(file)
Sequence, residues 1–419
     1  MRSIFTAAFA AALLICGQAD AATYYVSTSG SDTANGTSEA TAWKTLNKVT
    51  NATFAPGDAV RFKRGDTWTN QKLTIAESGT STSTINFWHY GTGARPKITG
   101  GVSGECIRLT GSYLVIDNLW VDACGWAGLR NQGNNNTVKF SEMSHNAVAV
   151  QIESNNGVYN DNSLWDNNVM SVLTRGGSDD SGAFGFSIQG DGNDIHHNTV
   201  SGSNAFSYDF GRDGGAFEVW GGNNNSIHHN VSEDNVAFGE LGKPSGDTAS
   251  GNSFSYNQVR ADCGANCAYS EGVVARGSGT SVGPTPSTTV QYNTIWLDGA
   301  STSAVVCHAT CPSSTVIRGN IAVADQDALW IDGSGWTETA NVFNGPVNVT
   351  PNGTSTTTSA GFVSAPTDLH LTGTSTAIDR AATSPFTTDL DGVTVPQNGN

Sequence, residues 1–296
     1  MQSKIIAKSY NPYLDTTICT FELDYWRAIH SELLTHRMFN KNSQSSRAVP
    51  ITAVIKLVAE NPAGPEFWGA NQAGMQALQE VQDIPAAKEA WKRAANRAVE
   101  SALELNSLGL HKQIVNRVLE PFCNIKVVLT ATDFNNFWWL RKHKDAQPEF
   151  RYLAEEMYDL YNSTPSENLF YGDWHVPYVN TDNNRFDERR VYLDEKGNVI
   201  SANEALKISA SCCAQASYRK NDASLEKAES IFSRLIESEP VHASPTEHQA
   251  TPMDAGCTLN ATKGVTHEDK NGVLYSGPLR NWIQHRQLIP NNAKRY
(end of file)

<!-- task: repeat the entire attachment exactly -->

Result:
Sequence, residues 1–419
     1  MRSIFTAAFA AALLICGQAD AATYYVSTSG SDTANGTSEA TAWKTLNKVT
    51  NATFAPGDAV RFKRGDTWTN QKLTIAESGT STSTINFWHY GTGARPKITG
   101  GVSGECIRLT GSYLVIDNLW VDACGWAGLR NQGNNNTVKF SEMSHNAVAV
   151  QIESNNGVYN DNSLWDNNVM SVLTRGGSDD SGAFGFSIQG DGNDIHHNTV
   201  SGSNAFSYDF GRDGGAFEVW GGNNNSIHHN VSEDNVAFGE LGKPSGDTAS
   251  GNSFSYNQVR ADCGANCAYS EGVVARGSGT SVGPTPSTTV QYNTIWLDGA
   301  STSAVVCHAT CPSSTVIRGN IAVADQDALW IDGSGWTETA NVFNGPVNVT
   351  PNGTSTTTSA GFVSAPTDLH LTGTSTAIDR AATSPFTTDL DGVTVPQNGN

Sequence, residues 1–296
     1  MQSKIIAKSY NPYLDTTICT FELDYWRAIH SELLTHRMFN KNSQSSRAVP
    51  ITAVIKLVAE NPAGPEFWGA NQAGMQALQE VQDIPAAKEA WKRAANRAVE
   101  SALELNSLGL HKQIVNRVLE PFCNIKVVLT ATDFNNFWWL RKHKDAQPEF
   151  RYLAEEMYDL YNSTPSENLF YGDWHVPYVN TDNNRFDERR VYLDEKGNVI
   201  SANEALKISA SCCAQASYRK NDASLEKAES IFSRLIESEP VHASPTEHQA
   251  TPMDAGCTLN ATKGVTHEDK NGVLYSGPLR NWIQHRQLIP NNAKRY